By Reva Jaffe-Walter and Cheri Fancsali
This month’s authors from the current Educational Forum wrote the article, “Complicating the Conversation on Teacher Quality: A Comparative Examination of Contextual Supports for Effective Teaching.” It is available free for the month of June here.
Reva Jaffe-Walter is an Assistant Professor in the Department Educational Leadership at Montclair State University. She is an anthropologist of education exploring questions related to nationalism, the education of immigrant students, educational policy and school leadership. Her current research funded by the WT Grant Foundation examines key practices and relationships of effective schools serving recently arrived immigrant students.
Cheri Fancsali is Deputy Director at the Research Alliance for New York City Schools (New York University), where she provides leadership for strategic planning and organizational development. She has over two decades of experience in research and evaluations of school- and community-based educational programs, with a strong focus on teacher capacity building, school reform initiatives, STEM, computer science education, afterschool programs, and socio-emotional learning.
“I just need support, and I don’t care where it comes from. From anyone. It feels like the support here doesn’t go to the teachers. No one asks me what I need for my classrooms. This week they gave me an overhead projector. A projector isn’t going to help my kids. I feel like it’s the showy stuff—’let’s have smart boards for when the suits come’—but it’s not about the teaching.”
Too often, teachers struggle in isolation without the support that they deserve. But it doesn’t have to be this way. New research highlights how schools can better respond to teachers’ needs, so that they in turn can respond more effectively to the needs of their students. In our article, “Complicating the Conversation on Teacher Quality: A Comparative Examination of Contextual Supports for Effective Teaching,” we found that when schools supported teacher collaboration, gave teachers an active voice in school decisions, and offered professional development that was aligned with teachers’ needs, they were more likely to use instructional practices that are shown to be effective. Further, these key dimensions of school context gave teachers more resources to engage in the complex work of addressing the needs of marginalized students. Reorienting schools around these kinds of humanizing practices will be particularly important as we work to fully reopen school buildings and help students and communities recover from the COVID-19 pandemic.
Our research illuminates critical questions to ask when assessing a school’s professional context: How are teachers positioned within the school’s culture? Are they seen as embodying important local knowledge about practice and students, or as requiring top-down direction? Is time dedicated to teacher collaboration intermittent and sporadic, or a consistent part of community practice? What happens during common planning times? Who is determining the agendas of meetings and professional development?
The type of authentic teacher collaboration that supports effective teaching might look differently in different contexts. For example, in our study, we observed one interdisciplinary team collaborating to devise strategies to support students who were struggling academically. They took turns sharing insights about the challenges facing each student and offering suggestions for different support strategies aimed at encouraging the students to persist in their education. Another team described weekly collaboration with their colleagues to support the development of the lessons and instructional practices: “As a team, we visit each other’s classes and do observations. In our team meetings we discuss what we saw in each other’s classrooms and make suggestions.”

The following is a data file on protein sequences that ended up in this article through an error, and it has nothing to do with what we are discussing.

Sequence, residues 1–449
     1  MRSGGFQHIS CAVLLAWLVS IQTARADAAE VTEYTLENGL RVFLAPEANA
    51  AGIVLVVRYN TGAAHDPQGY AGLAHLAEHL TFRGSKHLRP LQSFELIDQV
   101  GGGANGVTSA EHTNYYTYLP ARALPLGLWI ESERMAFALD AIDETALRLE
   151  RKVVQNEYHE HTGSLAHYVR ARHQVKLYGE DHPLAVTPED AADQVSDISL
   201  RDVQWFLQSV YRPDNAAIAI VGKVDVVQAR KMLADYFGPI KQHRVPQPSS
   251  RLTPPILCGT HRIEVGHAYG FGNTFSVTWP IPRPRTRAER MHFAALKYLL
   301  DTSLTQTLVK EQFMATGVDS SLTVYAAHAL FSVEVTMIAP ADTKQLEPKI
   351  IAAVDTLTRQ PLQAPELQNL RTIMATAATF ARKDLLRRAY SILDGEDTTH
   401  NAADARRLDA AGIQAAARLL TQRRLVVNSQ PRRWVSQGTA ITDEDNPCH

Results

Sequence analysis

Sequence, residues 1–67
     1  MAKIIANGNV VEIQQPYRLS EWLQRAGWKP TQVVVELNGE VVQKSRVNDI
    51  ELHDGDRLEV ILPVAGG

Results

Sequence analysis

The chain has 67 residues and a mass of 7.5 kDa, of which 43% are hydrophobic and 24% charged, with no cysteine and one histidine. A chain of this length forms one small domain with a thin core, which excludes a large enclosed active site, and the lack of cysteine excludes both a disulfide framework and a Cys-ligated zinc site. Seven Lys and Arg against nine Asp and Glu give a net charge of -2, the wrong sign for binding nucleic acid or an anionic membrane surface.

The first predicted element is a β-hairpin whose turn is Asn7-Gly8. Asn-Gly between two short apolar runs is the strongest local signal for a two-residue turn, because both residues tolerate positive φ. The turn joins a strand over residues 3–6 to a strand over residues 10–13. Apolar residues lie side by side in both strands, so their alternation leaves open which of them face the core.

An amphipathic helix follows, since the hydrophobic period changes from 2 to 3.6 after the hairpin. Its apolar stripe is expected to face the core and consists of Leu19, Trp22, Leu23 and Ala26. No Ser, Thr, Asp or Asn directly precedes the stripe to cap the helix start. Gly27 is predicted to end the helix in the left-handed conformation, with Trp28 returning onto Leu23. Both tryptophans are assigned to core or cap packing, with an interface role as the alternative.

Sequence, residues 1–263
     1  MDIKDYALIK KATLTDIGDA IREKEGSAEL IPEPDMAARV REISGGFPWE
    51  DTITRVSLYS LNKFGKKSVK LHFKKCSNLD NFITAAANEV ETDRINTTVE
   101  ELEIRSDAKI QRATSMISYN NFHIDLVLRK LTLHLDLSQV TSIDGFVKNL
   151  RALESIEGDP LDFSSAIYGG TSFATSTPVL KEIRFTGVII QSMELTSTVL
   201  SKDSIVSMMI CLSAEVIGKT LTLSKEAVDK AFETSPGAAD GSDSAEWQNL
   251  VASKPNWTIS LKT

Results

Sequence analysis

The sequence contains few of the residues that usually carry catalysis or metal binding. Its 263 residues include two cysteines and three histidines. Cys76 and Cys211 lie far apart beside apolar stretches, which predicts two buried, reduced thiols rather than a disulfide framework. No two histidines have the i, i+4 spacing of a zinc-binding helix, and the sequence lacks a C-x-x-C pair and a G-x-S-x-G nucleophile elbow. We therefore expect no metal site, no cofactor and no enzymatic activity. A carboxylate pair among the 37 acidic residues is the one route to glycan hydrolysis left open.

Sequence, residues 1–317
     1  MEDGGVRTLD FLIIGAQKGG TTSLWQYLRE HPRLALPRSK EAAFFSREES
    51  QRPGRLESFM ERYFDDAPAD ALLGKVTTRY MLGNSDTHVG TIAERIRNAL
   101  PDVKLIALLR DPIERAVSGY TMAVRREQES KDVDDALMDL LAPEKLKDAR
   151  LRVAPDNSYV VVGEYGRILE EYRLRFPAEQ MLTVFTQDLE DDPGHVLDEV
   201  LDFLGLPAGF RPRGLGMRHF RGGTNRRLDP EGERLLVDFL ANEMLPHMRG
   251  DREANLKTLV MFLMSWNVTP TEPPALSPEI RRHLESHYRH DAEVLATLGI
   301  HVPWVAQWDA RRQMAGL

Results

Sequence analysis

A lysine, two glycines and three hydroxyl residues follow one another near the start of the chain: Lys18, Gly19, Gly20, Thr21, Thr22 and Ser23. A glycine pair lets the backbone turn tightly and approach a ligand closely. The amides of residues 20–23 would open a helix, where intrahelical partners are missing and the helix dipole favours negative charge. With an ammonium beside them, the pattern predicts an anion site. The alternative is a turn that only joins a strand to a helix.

When teachers engage in true collaboration and are empowered to contribute meaningfully to school decisions, they have more opportunities for professional growth. As one teacher said while reflecting on her involvement in school-wide committees, “It makes you grow, because you’re connected to your community. You’re not an island who doesn’t know what others are doing.”
Other studies have shown that teachers working in schools with strong professional supports for collaboration and learning, as well as opportunities to play a role in decision making, tend to be more satisfied and committed to their schools and students. Satisfied and committed teachers are more likely to stay in their position, and the field, reducing teacher turnover and its negative effects on students. Our study adds to this evidence, highlighting how school support for collaboration, high-quality professional development, and teacher leadership are in fact linked to the use of effective instructional practices such as hands-on instruction, frequent assessment and feedback, and peer collaboration. Given student learning loss and trauma due to COVID, as well as the longstanding legacy of racism and inequality in this country and recent racist attacks against communities of color—now more than ever—teachers need time and space to reflect on how to engage in discussions of these events with their students. Schools can facilitate this by building in frequent, structured opportunities for teacher collaboration with a culture of reflection and inquiry. As school districts around the country engage in recovery efforts and work toward re-opening, it will be important to address teachers’ needs by attending to the professional structures, practices, and cultures that support their work.